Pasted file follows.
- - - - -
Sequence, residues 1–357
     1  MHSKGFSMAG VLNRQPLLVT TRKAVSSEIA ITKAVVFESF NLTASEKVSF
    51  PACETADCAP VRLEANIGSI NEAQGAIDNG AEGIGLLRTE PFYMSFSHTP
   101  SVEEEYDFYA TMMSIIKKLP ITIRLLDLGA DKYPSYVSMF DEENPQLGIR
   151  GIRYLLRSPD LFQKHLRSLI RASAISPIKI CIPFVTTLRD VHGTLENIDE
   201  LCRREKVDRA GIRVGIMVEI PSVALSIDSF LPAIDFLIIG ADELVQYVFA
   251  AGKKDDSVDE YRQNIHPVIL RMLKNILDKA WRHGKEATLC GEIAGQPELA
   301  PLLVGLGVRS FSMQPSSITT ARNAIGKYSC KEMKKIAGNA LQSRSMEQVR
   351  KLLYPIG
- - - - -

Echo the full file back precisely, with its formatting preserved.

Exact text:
Sequence, residues 1–357
     1  MHSKGFSMAG VLNRQPLLVT TRKAVSSEIA ITKAVVFESF NLTASEKVSF
    51  PACETADCAP VRLEANIGSI NEAQGAIDNG AEGIGLLRTE PFYMSFSHTP
   101  SVEEEYDFYA TMMSIIKKLP ITIRLLDLGA DKYPSYVSMF DEENPQLGIR
   151  GIRYLLRSPD LFQKHLRSLI RASAISPIKI CIPFVTTLRD VHGTLENIDE
   201  LCRREKVDRA GIRVGIMVEI PSVALSIDSF LPAIDFLIIG ADELVQYVFA
   251  AGKKDDSVDE YRQNIHPVIL RMLKNILDKA WRHGKEATLC GEIAGQPELA
   301  PLLVGLGVRS FSMQPSSITT ARNAIGKYSC KEMKKIAGNA LQSRSMEQVR
   351  KLLYPIG